What's the Connection?: Sleep, Athletic Performance & Recovery

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What's the Connection?: Sleep, Athletic Performance & Recovery
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By Lofta
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Article Summary:
Studies show a strong positive relationship between sleep and athletic performance that includes sports-specific strength, skill execution, and anaerobic (producing energy without oxygen) power.

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December 29, 2022

Written by Casey Bloom

Sleep is a period of rest essential to humans, whether healthy or with a medical condition. Sleep helps our body’s energy balance, alertness, mood, and intellectual function. But people sometimes experience sleep problems, which affect sleep quality.

In the United States, a third of adults get less sleep than the recommended amount. At this rate, there’s a high probability that even athletes and people with medical conditions suffer from poor sleep quality.

Sleep disorders can also happen more frequently among those diagnosed with diseases like cancer, including mesothelioma and its stages. Fortunately, there are strategies to help you sleep better, even when you’re diagnosed with an illness.

If you’re an athlete needing sleep quality improvement, you might be wondering how sleep quality could affect your performance and recovery.

Why is sleep especially important to athletes and people with illnesses like cancer? How can sleep quality impact one’s health condition?

This article explains how sleep quality can benefit athletic performance and recovery. This article also discusses the importance of sleep, especially among people with illnesses.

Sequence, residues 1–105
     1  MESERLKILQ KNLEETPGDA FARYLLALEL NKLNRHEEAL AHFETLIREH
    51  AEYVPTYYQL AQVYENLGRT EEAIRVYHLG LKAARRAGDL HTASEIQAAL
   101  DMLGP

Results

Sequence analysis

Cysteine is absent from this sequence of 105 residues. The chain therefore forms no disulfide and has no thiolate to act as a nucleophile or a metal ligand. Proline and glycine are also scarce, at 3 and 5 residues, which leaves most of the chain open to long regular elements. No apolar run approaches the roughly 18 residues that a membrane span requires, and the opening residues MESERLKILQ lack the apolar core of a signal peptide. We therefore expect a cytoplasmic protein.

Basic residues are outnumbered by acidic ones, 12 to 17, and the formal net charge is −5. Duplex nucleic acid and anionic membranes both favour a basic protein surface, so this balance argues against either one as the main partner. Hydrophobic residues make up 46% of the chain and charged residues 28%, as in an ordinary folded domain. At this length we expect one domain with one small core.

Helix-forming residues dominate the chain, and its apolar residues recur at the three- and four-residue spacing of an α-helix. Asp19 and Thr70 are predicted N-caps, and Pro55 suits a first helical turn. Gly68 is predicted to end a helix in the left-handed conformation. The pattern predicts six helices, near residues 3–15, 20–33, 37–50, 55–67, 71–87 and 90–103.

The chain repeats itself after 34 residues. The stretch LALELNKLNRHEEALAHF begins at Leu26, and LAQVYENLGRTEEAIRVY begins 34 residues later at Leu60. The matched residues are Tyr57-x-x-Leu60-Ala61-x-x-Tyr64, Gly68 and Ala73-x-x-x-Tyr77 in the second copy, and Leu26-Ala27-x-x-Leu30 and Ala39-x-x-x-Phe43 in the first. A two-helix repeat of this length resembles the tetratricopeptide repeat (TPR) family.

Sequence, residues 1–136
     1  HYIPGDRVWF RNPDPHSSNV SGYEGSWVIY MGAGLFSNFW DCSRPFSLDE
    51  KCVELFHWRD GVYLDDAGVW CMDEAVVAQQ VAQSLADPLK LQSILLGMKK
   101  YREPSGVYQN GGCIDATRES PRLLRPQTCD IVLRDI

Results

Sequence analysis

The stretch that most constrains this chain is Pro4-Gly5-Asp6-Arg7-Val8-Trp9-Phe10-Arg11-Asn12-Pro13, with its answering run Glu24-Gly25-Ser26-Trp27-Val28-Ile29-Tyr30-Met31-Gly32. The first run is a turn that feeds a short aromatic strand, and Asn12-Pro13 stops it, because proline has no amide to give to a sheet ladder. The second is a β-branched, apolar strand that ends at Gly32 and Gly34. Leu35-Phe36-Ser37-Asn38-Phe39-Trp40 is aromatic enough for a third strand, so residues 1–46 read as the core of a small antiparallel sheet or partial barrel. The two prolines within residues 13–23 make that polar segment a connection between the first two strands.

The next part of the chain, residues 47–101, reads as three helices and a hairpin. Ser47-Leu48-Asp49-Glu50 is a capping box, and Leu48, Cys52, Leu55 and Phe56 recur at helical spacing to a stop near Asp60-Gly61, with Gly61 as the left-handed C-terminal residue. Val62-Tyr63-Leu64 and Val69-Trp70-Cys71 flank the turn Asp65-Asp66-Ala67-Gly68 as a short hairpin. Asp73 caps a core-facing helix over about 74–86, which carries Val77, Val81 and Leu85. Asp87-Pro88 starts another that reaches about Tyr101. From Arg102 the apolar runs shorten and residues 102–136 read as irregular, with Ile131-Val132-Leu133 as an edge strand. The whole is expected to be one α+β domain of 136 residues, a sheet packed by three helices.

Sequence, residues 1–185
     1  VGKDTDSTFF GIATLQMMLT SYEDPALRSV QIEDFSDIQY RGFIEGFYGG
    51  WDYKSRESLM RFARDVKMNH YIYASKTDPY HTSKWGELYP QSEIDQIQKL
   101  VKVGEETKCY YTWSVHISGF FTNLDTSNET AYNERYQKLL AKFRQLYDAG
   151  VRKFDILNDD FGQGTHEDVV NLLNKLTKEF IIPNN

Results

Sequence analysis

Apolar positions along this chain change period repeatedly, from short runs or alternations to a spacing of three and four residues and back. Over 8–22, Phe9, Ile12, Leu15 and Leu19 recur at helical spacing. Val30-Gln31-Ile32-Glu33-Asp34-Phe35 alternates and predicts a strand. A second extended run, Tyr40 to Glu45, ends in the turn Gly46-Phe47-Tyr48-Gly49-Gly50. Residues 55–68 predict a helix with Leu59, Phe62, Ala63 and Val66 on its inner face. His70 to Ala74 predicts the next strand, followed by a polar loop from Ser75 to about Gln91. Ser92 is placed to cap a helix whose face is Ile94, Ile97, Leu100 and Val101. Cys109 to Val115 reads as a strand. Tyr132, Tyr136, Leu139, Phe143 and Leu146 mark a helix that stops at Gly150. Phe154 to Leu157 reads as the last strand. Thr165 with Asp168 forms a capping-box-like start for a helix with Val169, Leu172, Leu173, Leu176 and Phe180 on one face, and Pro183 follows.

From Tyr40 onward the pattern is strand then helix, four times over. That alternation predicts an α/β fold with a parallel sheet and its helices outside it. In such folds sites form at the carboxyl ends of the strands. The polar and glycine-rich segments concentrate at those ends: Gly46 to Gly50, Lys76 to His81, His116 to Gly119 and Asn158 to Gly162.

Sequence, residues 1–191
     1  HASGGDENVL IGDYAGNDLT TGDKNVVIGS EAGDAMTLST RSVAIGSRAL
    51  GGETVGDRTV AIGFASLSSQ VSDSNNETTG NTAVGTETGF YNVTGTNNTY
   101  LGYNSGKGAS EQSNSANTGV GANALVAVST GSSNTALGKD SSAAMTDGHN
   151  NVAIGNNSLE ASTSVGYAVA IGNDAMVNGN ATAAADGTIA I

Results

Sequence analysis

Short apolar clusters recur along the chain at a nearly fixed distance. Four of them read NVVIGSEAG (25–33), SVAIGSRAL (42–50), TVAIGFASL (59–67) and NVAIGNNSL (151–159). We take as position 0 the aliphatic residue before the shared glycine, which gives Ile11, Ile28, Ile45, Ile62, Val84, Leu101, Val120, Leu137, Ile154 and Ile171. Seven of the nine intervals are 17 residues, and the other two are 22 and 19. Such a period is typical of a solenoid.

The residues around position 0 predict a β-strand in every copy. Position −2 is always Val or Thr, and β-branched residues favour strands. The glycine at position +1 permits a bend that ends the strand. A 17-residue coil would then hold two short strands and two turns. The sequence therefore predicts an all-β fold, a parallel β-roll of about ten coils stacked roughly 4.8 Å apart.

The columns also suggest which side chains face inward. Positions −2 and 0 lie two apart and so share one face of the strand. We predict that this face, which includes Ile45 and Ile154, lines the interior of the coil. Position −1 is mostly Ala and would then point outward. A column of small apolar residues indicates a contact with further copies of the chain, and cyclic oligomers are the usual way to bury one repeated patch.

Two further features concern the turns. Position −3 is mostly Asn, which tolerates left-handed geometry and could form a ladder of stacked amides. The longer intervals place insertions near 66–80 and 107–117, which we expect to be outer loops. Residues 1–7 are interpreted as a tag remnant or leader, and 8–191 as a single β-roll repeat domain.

How Sleep Quality Affects an Athlete’s Performance and Recovery

         Researchers define sleep quality as the satisfaction of an individual with their sleep experience. Sleep latency, sleep efficiency, sleep duration, and wake after sleep onset (WASO) are the attributes of sleep quality.

Sleep latency is a measure of the time it takes for you to fall asleep after you go to bed and turn off the lights. Sleep efficiency is TST:TIB, or the ratio of your total sleep time to time in bed.

On the other hand, WASO measures the total number of minutes that you’re awake after you’ve fallen asleep initially. Lastly, sleep duration measures how long you’ve slept.

Studies show a strong positive relationship between sleep and athletic performance that includes sports-specific strength, skill execution, and anaerobic (producing energy without oxygen) power.

But athletes are often susceptible to inadequate sleep, characterized by frequent short sleep of fewer than seven hours a night and poor sleep quality.

When you go without sleep for a night or more, your performance is reduced. And if you have the habit of sleeping less than seven hours per night, you may be at a higher risk for respiratory infection.